No bitter beer taste here

Beer rebels unite in Clear Lake: It's homebrew for one and all — Jenga for some

Beer rebels unite in Clear Lake: It's homebrew for one and all — Jenga for some

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Robert White competes in the kids soda competition. Photo by Mark Evangelista
News_Chris_The Lunar Rendezbrew_Jenni Nelson
Jenni Nelson knows that an empty glass is about the worse thing you can have. Photo by Mark Evangelista
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When you win a homebrew contest, you get some serious prizes. Photo by Mark Evangelista
News_Chris_The Lunar Rendezbrew_Janelle Miller
Janelle Miller knows good beer when she sees it. Photo by Mark Evangelista
News_Chris_The Lunar Rendezbrew_Chris Buckley
Chris Buckley dares to Jenga. Photo by Mark Evangelista
News_Chris_The Lunar Rendezbrew_Robert_White
News_Chris_The Lunar Rendezbrew_Jenni Nelson
News_Chris_The Lunar Rendezbrew_prizes
News_Chris_The Lunar Rendezbrew_Janelle Miller
News_Chris_The Lunar Rendezbrew_Chris Buckley

If there ever was a stronger, more ardent gathering on evolution, the proponents of the Lunar Rendezbrew in Clear Lake on Saturday would gladly contest that in a courtroom.

From its humble beginnings as mead, homemade beer (known as homebrew) has led a Darwinian march toward flavor and freshness and away from the plodding machinations of soulless, factory fumbled mass production. Not content to drink without flavor, these beer rebels choose to fight the power and taste what’s passing through their lips and not just, ahem, process it.

The 17th annual gathering of homebrew hobbyists, lovers of lager and instigators of IPAs drank heartily at Bay Area Community Center in Seabrook and, just like their beer, made it their own.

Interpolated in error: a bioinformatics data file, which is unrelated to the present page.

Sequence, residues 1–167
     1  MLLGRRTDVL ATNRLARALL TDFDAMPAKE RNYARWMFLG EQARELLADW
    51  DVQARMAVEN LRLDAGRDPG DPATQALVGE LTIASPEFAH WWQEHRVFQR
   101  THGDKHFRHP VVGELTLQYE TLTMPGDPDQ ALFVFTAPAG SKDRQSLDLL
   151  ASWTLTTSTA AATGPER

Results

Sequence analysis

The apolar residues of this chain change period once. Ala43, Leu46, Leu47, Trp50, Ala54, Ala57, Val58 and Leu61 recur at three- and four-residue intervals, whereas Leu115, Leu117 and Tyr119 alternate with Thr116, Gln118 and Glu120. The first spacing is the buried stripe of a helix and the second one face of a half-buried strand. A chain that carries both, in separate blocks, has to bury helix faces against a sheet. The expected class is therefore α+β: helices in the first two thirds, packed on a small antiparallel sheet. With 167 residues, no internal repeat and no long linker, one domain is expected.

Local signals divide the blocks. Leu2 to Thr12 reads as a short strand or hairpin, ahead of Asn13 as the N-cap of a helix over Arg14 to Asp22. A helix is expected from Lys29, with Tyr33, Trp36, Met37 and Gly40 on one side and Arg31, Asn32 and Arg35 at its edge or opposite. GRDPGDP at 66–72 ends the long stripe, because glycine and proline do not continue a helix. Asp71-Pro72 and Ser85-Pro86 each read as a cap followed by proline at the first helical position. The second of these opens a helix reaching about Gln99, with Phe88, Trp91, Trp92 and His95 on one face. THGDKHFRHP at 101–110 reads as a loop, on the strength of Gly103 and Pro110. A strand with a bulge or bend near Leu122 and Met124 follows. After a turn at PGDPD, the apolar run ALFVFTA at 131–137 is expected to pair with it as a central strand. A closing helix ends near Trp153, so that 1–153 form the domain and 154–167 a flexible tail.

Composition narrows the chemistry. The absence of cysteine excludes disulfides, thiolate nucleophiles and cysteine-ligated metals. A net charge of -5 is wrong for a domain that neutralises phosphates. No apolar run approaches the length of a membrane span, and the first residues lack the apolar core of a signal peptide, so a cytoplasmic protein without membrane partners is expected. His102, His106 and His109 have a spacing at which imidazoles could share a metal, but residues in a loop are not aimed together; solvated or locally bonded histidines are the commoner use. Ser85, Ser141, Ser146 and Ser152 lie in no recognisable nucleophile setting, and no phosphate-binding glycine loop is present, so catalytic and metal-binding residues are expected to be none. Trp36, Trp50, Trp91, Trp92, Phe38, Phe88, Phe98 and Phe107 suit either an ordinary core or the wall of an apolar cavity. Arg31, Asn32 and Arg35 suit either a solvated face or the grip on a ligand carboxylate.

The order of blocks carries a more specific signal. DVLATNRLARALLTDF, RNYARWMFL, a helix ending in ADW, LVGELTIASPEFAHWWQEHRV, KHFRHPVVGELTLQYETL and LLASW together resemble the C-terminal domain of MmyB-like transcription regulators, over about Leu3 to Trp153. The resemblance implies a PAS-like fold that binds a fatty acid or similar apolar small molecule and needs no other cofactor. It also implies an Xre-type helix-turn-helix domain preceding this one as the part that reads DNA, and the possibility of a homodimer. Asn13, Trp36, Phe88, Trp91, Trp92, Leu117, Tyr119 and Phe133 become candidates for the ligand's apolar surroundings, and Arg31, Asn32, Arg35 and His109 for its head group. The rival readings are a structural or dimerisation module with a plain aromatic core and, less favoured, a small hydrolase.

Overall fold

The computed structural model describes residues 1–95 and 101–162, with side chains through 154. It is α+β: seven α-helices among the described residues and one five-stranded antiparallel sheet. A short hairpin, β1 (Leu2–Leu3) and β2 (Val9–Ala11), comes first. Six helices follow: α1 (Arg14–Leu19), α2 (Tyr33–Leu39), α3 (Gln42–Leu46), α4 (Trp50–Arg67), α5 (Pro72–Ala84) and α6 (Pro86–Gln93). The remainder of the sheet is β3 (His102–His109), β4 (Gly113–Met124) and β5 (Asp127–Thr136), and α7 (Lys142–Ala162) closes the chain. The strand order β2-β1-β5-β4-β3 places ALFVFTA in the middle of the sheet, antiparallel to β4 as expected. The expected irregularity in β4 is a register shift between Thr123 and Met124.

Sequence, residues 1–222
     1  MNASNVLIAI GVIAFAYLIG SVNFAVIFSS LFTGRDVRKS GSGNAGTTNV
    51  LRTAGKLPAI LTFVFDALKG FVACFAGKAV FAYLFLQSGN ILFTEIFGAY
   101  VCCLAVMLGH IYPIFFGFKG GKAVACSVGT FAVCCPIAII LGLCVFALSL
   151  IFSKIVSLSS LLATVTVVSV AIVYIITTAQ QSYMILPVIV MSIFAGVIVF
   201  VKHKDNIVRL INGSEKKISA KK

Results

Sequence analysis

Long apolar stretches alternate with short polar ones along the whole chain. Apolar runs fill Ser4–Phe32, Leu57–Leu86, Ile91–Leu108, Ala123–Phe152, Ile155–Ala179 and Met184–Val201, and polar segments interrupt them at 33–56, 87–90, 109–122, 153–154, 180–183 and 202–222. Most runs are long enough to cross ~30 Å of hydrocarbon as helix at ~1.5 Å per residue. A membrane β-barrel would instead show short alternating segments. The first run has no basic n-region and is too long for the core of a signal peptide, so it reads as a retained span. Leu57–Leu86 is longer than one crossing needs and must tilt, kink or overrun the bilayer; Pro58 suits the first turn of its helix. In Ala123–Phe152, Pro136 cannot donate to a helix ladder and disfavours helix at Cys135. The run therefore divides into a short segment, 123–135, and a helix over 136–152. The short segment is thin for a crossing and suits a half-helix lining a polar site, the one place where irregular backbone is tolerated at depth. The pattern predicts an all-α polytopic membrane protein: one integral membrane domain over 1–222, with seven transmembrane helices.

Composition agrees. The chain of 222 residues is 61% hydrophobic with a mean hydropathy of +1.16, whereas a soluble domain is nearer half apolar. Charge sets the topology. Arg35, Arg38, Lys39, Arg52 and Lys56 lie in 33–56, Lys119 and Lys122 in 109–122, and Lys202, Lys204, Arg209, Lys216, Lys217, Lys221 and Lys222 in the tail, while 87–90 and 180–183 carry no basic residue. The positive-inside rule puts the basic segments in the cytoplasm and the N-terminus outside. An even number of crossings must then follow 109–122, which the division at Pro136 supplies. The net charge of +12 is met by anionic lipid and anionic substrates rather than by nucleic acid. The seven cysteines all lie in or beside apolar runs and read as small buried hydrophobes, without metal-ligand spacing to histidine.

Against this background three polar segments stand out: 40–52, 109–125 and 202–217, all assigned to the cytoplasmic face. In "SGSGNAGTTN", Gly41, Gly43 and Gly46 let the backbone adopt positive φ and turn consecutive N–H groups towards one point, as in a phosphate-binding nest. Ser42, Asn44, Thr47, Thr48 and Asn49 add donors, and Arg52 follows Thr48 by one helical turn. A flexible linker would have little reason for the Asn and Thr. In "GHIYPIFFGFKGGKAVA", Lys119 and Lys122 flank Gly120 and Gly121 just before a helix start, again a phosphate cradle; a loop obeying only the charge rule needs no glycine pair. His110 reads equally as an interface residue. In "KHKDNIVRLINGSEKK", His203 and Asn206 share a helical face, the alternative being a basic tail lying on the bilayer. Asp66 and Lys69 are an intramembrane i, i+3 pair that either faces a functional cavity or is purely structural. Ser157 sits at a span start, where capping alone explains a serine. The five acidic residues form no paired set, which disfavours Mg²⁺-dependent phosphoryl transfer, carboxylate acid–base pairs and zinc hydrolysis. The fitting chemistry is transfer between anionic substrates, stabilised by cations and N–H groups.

“If you are here, you are a homebrewer and you have stepped out of the common shade of man,” shouted Mike Taylor, master of ceremonies.

Many responded with hearty shouts but instead of raising their glasses, fists went up as not to spill a drop of the precious liquid pondered and lovingly processed just for this occasion.

A local beer supply vendor provided beverage holders which would hang from a black double-stitched cord. The embroidered blue drink holder seemed to be used only when the glass was empty, which usually wasn’t for very long.

Italian food, pizza, salad and garlic bread from Pomodoro’s and cookies that all came with the cost of admission ensured that liquid bread wasn’t the only thing in everyone’s stomach.

Homebrew clubs from the greater Houston area and San Antonino gathered to sample a myriad of beers, play some games and even let their kids have a good time.

Space engineers, chemical engineers and other professionals who brew their own don’t overlap much with the beer-swilling frat boys who quaff quantity and not quality. The demographics are just what the doctor ordered, at least for Kelly Railean, co-owner of Railean Rum in nearby San Leon.

“The profile of people who make their own beer matches up well with the ones who like the rum I make — supporting local, Texas products,” said Railean, who has two signature desserts and a cocktail that highlight her rum at Randy Evans’ Haven.

“These guys — in their 30s and 40s — take more care when it comes to what they can choose. They want something special and complex. They’re the same way with their spirits as they are with their beer.”